Participants will understand what threat hunting is, be utterly convinced of the need for it, know what infrastructure is required to facilitate it, and be able to start doing it with confidence within their own organizations.
Target audience: Everybody who needs to know more about what threat hunting is, why it is necessary, what is required to start doing it, and how it should be done. Appropriate roles include: CISOs, Security Managers, SOC staffers, Incident Responders, Forensic Analysts and System Administrators.
Pre-requisites: To maximize value to the attendee, prior HOHE participation is highly recommended, but not mandatory.
Contents of the course
Participants learn how to hunt hackers within our Windows and Linux lab network, using a range of highly effective threat hunting technologies and techniques, looking for real life attacks.
- Technologies used:
- Sysmon : Sysmon is the go-to solution for hunters working with Windows machines, and is the technology that Microsoft itself uses to hunt hackers within their own networks.
- Elastic stack, formerly “ELK” : The Elastic Stack is a suite of mature open source technologies that is popularly used for hunting by big name companies. The principles that are taught in this course using the Elastic Stack are also more generally applicable to other data lake products such as Splunk, Sumo and others
- Elastic Security : The Elastic Security adds SIEM and Endpoint security capabilities to Elastic stack and enables threat hunters to collect data, detect anomalies, respond to threats, analyse and correlate large number of datapoints all in one ecosystem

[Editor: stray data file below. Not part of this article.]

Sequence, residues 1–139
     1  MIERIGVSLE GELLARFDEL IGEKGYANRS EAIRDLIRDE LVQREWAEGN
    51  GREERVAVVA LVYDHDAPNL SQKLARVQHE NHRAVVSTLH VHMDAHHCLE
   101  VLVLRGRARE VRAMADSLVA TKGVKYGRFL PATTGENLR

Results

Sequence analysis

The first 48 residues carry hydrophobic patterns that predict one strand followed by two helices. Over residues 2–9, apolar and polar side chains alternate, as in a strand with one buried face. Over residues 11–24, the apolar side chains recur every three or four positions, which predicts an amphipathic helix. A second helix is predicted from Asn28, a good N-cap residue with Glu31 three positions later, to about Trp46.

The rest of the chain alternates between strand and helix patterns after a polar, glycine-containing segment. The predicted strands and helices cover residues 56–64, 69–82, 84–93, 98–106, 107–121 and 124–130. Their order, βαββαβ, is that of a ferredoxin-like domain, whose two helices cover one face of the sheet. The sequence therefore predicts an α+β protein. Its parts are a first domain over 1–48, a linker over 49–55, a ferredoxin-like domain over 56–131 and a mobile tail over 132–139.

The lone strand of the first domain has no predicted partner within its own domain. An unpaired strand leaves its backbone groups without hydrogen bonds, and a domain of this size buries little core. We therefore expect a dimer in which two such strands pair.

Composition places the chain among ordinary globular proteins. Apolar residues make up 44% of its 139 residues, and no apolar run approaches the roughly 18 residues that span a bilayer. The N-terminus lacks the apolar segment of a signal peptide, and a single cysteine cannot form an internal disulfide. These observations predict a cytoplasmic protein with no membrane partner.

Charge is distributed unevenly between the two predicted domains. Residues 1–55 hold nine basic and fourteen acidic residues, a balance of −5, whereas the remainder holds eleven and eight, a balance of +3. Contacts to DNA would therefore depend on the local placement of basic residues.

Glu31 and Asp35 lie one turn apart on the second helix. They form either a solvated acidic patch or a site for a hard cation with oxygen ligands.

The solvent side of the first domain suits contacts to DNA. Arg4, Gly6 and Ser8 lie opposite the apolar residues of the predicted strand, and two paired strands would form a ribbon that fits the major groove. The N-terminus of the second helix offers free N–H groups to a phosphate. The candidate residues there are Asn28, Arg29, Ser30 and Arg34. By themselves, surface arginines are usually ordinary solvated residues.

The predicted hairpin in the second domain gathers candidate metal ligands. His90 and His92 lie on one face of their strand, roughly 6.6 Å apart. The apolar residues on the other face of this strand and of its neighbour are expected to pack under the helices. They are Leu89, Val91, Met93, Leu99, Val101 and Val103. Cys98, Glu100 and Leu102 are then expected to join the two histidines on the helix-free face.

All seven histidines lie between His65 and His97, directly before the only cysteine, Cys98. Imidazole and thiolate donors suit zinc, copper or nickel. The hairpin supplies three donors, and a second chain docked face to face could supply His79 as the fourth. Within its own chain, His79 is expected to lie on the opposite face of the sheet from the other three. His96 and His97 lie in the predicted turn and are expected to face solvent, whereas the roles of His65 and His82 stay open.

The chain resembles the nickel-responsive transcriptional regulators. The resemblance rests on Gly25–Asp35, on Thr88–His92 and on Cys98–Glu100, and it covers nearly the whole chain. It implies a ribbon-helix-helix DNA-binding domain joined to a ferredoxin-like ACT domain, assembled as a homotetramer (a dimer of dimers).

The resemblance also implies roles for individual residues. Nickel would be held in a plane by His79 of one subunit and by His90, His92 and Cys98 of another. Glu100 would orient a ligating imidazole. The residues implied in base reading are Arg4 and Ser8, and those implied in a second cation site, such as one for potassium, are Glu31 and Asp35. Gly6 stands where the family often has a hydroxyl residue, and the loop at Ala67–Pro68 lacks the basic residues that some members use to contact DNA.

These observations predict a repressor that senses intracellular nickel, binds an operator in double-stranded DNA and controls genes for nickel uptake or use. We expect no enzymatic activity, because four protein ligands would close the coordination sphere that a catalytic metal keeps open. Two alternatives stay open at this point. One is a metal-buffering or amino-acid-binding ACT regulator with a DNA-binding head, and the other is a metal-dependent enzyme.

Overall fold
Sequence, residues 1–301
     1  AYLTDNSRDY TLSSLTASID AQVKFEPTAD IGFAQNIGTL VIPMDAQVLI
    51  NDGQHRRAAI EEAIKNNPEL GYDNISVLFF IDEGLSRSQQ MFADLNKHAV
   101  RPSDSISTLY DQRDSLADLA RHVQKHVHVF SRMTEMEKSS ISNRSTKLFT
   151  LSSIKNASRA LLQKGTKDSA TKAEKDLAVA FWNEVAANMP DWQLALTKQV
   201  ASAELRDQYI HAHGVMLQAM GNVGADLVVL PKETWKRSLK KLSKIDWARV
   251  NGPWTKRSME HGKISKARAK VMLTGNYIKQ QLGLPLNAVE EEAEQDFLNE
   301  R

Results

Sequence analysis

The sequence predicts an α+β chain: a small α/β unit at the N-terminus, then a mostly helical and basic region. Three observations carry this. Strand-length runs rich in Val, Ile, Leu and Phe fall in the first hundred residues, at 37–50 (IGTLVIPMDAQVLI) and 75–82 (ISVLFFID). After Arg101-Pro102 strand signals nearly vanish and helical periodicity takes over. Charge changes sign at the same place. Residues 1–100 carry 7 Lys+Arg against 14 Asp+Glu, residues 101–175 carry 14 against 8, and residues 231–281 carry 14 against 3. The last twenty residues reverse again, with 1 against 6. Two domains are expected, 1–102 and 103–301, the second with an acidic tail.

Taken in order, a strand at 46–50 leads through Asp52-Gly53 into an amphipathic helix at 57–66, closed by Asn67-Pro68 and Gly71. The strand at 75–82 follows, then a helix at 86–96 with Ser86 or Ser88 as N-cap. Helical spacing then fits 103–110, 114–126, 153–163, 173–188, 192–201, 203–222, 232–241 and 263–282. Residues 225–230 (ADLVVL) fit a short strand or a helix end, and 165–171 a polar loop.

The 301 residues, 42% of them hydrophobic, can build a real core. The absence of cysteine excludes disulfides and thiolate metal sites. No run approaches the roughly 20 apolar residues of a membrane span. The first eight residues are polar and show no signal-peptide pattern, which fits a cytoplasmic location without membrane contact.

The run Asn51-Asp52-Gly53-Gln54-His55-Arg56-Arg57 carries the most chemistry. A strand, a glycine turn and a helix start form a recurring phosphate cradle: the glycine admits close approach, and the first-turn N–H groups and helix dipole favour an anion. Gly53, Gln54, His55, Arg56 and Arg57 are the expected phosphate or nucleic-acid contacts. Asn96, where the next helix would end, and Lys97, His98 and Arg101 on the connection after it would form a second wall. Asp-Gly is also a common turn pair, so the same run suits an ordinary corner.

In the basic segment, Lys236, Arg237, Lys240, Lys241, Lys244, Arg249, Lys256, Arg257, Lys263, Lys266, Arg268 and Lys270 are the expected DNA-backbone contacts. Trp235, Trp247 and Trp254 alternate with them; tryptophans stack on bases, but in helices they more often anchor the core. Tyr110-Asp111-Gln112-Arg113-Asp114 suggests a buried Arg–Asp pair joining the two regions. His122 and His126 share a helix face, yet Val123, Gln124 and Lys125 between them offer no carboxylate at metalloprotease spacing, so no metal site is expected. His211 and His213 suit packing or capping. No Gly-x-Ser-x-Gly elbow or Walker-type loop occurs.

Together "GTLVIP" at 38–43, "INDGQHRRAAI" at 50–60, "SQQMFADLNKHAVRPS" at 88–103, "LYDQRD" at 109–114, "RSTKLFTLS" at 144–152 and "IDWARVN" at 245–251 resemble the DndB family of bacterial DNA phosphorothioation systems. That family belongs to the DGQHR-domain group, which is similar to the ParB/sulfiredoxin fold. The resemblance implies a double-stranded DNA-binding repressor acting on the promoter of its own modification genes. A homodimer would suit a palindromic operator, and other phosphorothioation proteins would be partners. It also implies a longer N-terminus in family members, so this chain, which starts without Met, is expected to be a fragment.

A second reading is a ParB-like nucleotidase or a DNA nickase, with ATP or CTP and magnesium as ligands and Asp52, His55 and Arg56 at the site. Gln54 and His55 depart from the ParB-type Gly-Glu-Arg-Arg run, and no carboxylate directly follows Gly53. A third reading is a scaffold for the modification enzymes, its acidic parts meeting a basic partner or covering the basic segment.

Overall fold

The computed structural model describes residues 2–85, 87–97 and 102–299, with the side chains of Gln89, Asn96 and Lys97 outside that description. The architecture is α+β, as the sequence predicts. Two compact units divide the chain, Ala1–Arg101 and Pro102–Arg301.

- Osquery : Osquery is an infrastructure monitoring framework created by Facebook. Osquery enables low-level operating system monitoring by exposing the operating system as a high-performance relational database which can be easily queried using SQL syntax.
- Hunting techniques:
- Known bad : Students will learn how to research and develop hunts for known indicators of attack.
- Known good : Students will learn how to “find evil by knowing normal”, using various processes of elimination to reduce a set of raw collected data down to “not known good”. Students will then determine through investigation whether the remaining data constitute indicators of attack or benign in nature. Benign items are labeled as “known good” so that they need not be investigated again.
- Outliers : Outlier detection is the “power technique” of threat hunting. Students will learn how to leverage statistical analysis in order to force anomalies in large-scale sets of data to become apparent, which will commonly highlight indicators of attack.
It is important to note that although this course focuses on Linux and Windows endpoints, the building-block technological capabilities and hunting principles are equally applicable on MacOS and others.
More information: read from here.